The PET images are visually evaluated regarding the detectability of the 10-mm-diameter hot sphere in a three-step (0, 1, 2) scale by one or more JSNM-certified PET physicians, who do not know the hot sphere localization or the slice on which it is to be visualized. If JSNM-certified PET physicians are not available, JSNM board certified nuclear physicians or JSNMT certified nuclear technologists may assume this role. The images are examined in ascending order of scanning duration on the actual viewer/computer being used clinically. The images are displayed using an inverse gray scale with an upper level of SUV = 4, which equals the activity concentration of the hot sphere, and a lower level of SUV = 0. All the slices should be looked at. The image is scored 2 if the hot sphere is “identifiable”, 1 if it is “visualized, but similar hot spots are observed elsewhere”, and 0 if it is “not visualized”. The score is averaged across the three image sets for each scanning duration and across the physicians.
This guideline recommends the scanning duration that provides an image with an average score of 1.5 or more, i.e., the 10-mm hot sphere is detected in/by half or more of the cases/readers. The physical indicators may be used as a reference when determining the optimum scanning duration; the reference values are NECphantom > 10.8 (Mcounts), N 10mm < 5.6 (%), and Q H,10mm/N 10mm > 2.8 (%), and SUVB,ave should be close to unity (theoretical value). Supporting data for these reference values are presented in Sect. “Phantom experiment #1”.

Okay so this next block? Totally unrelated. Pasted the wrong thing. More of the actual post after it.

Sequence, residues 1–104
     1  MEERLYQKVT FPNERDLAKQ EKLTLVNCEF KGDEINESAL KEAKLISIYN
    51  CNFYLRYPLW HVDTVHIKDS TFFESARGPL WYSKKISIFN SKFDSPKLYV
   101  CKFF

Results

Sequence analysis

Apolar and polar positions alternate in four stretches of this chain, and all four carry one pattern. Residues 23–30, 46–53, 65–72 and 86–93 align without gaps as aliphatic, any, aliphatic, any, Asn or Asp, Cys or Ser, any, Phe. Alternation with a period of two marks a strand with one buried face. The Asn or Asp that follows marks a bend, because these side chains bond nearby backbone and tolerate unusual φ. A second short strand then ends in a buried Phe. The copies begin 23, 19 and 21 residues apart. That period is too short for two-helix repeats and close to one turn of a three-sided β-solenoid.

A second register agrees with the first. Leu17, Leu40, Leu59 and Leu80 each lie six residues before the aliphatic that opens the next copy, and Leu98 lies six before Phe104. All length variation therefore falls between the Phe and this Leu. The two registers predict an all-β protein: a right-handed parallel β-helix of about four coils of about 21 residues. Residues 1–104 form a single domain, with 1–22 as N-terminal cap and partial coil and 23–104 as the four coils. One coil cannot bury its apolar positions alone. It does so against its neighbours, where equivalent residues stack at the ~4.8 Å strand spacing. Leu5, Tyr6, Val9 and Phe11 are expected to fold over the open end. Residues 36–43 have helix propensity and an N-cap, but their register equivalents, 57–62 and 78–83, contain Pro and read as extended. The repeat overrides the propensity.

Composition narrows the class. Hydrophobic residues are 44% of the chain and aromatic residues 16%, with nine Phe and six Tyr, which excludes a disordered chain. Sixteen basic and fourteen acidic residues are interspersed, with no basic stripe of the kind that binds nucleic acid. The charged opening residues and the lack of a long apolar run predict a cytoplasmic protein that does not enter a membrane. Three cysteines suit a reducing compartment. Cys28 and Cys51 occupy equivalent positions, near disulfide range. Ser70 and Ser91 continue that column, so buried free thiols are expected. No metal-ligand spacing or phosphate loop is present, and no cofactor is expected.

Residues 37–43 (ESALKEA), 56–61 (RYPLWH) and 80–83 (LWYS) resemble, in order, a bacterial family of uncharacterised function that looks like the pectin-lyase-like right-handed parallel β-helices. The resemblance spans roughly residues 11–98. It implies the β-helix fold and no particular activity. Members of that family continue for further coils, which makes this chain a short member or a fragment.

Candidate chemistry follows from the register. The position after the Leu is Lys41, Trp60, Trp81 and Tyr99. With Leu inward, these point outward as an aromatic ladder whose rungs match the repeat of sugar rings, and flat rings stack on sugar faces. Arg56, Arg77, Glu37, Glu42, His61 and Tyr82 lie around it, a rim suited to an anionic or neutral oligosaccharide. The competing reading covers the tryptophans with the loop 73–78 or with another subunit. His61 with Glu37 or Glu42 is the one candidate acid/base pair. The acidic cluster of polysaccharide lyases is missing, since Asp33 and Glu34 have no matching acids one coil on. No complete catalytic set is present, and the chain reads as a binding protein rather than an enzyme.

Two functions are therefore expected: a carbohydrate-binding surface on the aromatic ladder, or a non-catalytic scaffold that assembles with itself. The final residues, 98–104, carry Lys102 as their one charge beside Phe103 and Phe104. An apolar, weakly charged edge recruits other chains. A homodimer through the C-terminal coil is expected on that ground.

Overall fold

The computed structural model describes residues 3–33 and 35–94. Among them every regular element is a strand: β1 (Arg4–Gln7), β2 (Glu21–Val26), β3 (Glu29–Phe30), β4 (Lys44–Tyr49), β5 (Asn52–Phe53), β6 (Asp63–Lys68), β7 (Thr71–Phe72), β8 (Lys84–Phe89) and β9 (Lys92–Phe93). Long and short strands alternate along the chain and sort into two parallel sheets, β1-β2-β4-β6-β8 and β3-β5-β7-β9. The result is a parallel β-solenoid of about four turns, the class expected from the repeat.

Phantom experiment #2
In Phantom experiment #2, a body phantom containing hot spheres of various sizes is imaged with a given clinical data acquisition protocol to evaluate their visualization as well as to evaluate the image uniformity in the background area. The phantom is also imaged in a noise-free condition to estimate image resolution based on the recovery coefficient (RC) of the spheres. Phantom experiment #2 can either be carried out following #1 or separately. In the former case, the scanning duration should be adjusted to account for radioactivity decay.
Phantom preparation A body phantom is prepared in the same way as in Phantom experiment #1, except that all six (10-, 13-, 17-, 22-, 28- and 37-mm diameter) hot spheres are filled with hot solution. The background is filled with 1:4 warm activity concentration like in Phantom experiment #1.
Scanning The phantom is scanned twice; namely, in the given clinical condition and in a noise-free condition.